# verifying properties of relations to test equivalence

We are doing some more with relations and this time we are given a relation and told that it is not equivalent. We need to find out which property it does not fulfill. So we at least know there is going to be one, maybe more.

Here is the relation: $aRb$ iff either $a$ mod 4 = $b$ mod 4 or $a$ mod 6 = $b$ mod 6, over $\mathbb{N}$.

So I assume we are supposed to show whether or not its reflexive, symmetric, and transitive?

Reflexive: Suppose $x \in \mathbb{N}$. Then, either $x$ mod 4 = $x$ mod 4 or $x$ mod 6 = $x$ mod 6. Either way, this shows that $xRx$, therefore the relation is reflexive.

Symmetric: Here is where I think I am getting confused. Suppose $x, y \in \mathbb{N}$. Then $x$ mod 4 = $y$ mod 4 and $y$ mod 4 = $x$ mod 4. The same thing applies for $x$ mod 6 = $y$ mod 6. Therefore, the relation is symmetric? (Is that right?)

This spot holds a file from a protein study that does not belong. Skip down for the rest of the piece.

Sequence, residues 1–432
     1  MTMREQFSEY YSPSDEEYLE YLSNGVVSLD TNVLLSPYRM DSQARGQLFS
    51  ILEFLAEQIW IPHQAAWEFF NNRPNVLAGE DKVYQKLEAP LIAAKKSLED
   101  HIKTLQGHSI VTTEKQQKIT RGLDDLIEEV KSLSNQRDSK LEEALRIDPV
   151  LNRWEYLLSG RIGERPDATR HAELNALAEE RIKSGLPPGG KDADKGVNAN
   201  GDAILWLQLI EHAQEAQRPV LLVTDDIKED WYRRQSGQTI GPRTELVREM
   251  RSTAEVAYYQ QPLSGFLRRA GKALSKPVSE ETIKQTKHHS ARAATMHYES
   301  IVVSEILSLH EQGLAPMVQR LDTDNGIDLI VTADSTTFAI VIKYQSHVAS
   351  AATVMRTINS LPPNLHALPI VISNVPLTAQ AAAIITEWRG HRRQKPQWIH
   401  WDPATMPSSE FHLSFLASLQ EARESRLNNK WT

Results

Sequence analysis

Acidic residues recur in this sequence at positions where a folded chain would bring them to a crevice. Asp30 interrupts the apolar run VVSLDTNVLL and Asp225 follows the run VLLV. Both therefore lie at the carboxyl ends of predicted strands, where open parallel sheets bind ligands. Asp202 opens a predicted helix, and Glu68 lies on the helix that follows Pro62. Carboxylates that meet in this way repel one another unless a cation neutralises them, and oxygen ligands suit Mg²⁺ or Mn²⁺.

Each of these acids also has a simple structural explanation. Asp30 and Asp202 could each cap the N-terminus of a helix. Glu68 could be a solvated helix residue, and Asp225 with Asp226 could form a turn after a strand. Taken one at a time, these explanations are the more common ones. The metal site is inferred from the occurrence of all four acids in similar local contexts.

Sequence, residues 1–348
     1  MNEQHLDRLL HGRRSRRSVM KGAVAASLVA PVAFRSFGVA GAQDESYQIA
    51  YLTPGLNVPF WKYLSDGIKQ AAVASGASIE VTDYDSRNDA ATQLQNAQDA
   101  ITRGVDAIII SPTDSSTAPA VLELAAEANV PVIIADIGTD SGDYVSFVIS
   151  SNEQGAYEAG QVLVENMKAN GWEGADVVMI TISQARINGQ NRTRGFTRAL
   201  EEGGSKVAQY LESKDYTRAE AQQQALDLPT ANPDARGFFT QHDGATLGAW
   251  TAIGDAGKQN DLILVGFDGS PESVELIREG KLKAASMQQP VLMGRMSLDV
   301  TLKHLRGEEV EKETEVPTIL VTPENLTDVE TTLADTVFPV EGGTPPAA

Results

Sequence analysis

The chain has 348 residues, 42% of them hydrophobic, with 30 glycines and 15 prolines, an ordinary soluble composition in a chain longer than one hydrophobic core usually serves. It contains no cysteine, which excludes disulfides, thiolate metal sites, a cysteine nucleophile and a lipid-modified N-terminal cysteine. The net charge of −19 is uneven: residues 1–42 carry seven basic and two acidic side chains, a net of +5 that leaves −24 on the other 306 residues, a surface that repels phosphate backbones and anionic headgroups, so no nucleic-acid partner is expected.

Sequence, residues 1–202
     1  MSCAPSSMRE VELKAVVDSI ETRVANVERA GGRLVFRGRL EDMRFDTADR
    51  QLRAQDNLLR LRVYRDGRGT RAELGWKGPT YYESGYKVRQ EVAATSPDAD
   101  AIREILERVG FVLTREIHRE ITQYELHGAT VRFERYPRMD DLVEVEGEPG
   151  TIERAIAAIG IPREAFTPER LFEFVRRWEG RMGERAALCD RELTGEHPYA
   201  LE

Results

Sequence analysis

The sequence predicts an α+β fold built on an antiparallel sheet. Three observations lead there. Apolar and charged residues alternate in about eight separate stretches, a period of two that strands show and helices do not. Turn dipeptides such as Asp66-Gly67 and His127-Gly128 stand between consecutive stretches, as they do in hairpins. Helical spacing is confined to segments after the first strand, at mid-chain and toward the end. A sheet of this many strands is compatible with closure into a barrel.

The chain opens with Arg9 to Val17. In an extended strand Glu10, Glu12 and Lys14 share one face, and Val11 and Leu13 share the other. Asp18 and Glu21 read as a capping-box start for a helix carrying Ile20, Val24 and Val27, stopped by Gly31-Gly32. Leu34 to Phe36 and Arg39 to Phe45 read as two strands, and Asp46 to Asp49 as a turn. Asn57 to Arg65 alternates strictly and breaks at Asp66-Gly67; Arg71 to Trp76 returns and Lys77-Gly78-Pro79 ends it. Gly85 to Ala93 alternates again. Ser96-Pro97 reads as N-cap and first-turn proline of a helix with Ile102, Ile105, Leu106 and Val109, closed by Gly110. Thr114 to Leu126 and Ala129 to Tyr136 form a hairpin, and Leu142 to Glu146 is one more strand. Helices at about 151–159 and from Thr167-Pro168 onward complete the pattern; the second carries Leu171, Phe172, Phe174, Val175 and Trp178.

Transitive: If $xRy$ and $yRz$ then, $xRz$. So, if $x$ mod 4 = $y$ mod 4 and $y$ mod 4 = $z$ mod 4, then would $x$ mod 4 = $z$ mod 4? If so, then this property is transitive as well.

So to me, I am getting that is an equivalence relation since I got it to be reflexive, symmetric, and transitive. So I know I am doing something wrong since the directions clearly state that it is not one. I am not sure on the symmetric portion. I think that's where I am messing up. Any help?

But for the transitive part, remember what your relation says. It says that $a\pmod 4 = b\pmod 4$ OR $a\pmod 6 = b\pmod 6$. So if $xRy$ and $yRz$, you can have that $x\pmod 4 = y\pmod 4$ and that $y\pmod 6 = z\pmod 6$. Do you then have that $xRz$?
• Ok, let me correct my answer. The point will be the same, however. Can you find numbers $a$, $b$, and $c$, such that $a\pmod 4 = b\pmod 4$, and $b\pmod 6 = c\pmod 6$, but $a$ is not related to $c$? – Mankind Apr 28 '15 at 19:33